Eight local nonprofit organizations serving the Allston-Brighton neighborhood received contributions last week totaling $100,000 from the Harvard Allston Partnership Fund (HAPF), providing critical support for community-based programming at a time when funding sources remain scarce for nonprofits.
This latest HAPF grant installment marks a total of $300,000 in Harvard contributions, which over the past three years has supported 17 local nonprofits.
“Harvard Allston Partnership Fund grants bring opportunity, education, and vital services to North Allston’s residents. As nonprofits try to meet the increased demand for their services and programs during difficult economic times, we can help more families, youth, and our most vulnerable citizens connect to these organizations,” said Mayor Thomas M. Menino.
“Harvard is proud to be a part of a network of nonprofit organizations in Allston-Brighton that are addressing local needs and improving quality of life for residents. We’re working together on many levels to make a real difference in Allston-Brighton and beyond,” said Harvard President Drew Faust.
The Harvard Allston Partnership Fund is a $500,000, five-year program created in 2008 by Harvard University and the City of Boston, in collaboration with the Allston community, to support neighborhood improvement projects, cultural enrichment, and educational programming in North Allston-North Brighton. Funding decisions are made by a volunteer board of community members, following their careful review of the many creative and constructive applications received.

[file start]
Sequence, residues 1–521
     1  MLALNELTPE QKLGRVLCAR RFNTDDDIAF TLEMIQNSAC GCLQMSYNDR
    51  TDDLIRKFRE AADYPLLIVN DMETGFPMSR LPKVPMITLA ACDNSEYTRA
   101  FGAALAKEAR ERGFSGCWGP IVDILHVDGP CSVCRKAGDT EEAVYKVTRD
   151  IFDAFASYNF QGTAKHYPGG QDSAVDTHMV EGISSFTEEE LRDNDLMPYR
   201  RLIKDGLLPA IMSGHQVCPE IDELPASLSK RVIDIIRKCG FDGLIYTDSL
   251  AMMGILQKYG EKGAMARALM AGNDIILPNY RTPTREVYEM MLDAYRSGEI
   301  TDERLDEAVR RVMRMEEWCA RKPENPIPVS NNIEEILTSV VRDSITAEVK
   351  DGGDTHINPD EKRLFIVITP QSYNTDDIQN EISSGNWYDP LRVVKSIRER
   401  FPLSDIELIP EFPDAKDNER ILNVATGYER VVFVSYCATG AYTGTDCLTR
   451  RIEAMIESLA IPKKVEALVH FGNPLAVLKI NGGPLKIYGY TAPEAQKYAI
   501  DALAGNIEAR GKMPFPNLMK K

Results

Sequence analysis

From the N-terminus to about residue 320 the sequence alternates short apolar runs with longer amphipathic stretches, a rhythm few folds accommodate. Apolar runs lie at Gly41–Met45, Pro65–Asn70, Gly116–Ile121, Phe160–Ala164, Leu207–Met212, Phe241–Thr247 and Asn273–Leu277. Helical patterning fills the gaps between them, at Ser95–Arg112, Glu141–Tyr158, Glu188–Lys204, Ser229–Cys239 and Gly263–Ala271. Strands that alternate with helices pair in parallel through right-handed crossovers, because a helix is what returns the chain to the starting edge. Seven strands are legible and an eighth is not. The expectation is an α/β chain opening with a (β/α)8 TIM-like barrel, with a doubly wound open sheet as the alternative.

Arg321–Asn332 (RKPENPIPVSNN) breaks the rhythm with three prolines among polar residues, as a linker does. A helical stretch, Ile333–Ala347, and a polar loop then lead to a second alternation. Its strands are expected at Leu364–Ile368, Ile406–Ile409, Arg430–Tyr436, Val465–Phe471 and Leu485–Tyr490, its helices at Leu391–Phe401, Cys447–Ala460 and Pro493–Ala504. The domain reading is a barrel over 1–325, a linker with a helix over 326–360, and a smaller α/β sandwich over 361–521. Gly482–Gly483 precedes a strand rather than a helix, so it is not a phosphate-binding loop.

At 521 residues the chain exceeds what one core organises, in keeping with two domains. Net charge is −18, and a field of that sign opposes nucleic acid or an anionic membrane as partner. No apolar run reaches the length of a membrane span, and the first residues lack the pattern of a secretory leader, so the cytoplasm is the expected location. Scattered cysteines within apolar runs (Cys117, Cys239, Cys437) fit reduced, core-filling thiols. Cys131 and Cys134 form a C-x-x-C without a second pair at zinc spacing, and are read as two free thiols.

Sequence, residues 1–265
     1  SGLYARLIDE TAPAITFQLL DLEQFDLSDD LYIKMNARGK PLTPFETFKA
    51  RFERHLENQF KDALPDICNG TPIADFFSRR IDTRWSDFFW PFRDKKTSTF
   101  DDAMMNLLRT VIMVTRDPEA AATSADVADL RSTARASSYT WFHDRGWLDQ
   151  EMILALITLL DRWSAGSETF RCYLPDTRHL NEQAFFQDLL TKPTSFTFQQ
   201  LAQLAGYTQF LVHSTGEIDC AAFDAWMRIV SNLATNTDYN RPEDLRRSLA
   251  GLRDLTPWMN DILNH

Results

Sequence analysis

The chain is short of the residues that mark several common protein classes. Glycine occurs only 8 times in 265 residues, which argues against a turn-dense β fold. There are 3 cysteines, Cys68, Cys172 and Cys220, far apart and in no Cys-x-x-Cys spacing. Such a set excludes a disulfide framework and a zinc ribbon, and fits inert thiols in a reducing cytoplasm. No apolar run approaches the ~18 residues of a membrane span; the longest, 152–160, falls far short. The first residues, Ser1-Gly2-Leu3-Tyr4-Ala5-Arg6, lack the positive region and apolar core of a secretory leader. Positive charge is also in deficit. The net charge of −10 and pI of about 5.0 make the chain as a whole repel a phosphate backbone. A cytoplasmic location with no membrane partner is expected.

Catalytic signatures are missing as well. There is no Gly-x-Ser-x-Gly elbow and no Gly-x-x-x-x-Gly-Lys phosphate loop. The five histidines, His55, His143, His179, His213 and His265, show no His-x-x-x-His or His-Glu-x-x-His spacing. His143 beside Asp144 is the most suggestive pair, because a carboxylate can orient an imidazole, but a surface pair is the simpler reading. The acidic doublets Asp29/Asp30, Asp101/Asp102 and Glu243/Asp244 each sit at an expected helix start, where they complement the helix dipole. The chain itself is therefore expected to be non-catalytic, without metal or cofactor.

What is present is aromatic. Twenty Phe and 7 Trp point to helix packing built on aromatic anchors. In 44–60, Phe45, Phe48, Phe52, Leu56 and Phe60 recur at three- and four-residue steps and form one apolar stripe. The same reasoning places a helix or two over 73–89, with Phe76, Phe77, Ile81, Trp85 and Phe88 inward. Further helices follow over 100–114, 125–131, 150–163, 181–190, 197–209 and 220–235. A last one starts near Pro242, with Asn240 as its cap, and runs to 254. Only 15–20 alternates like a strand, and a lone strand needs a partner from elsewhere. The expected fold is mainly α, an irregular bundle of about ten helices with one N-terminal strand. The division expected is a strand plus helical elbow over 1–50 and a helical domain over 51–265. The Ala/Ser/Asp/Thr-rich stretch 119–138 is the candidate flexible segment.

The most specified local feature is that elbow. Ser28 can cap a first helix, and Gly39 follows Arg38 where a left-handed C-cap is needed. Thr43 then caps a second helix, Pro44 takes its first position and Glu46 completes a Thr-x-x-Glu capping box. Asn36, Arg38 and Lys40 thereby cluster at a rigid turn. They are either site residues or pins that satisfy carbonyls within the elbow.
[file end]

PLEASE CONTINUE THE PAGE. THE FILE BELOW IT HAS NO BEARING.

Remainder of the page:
The HAPF is even more critical today. The economic turmoil of the last two years has resulted in budget cuts for many local nonprofits.
“When the Harvard Allston Partnership Fund was created, we had no idea that funds for nonprofit institutions would dry up so quickly,” said Allston Task Force member Cathi Campbell, who is on the board of the Vocational Advancement Center in Brighton, a new HAPF recipient. “The Harvard Allston Partnership Fund is a lifeline to these organizations in Allston-Brighton and their ability to continue to exist and provide incredibly important life-changing services.”
Critical funding for the Vocational Advancement Center
The only nonprofit organization in Allston-Brighton providing career counseling and job placement for physically and developmentally disabled adults, the Vocational Advancement Center (VAC) will benefit from a $25,000 grant to hire and expand its offerings for the first time in two years. The center currently serves 30 people inhouse with career and job skills training, as well as group work and activities. It provides support to 150 people at their jobs around Boston. The HAPF grant will fund a new part-time staff position, enabling the center to offer career counseling to 30 more people.